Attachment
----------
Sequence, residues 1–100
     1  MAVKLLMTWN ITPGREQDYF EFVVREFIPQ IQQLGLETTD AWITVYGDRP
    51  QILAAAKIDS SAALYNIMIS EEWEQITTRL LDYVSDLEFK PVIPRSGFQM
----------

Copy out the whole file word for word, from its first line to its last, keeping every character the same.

Sequence, residues 1–100
     1  MAVKLLMTWN ITPGREQDYF EFVVREFIPQ IQQLGLETTD AWITVYGDRP
    51  QILAAAKIDS SAALYNIMIS EEWEQITTRL LDYVSDLEFK PVIPRSGFQM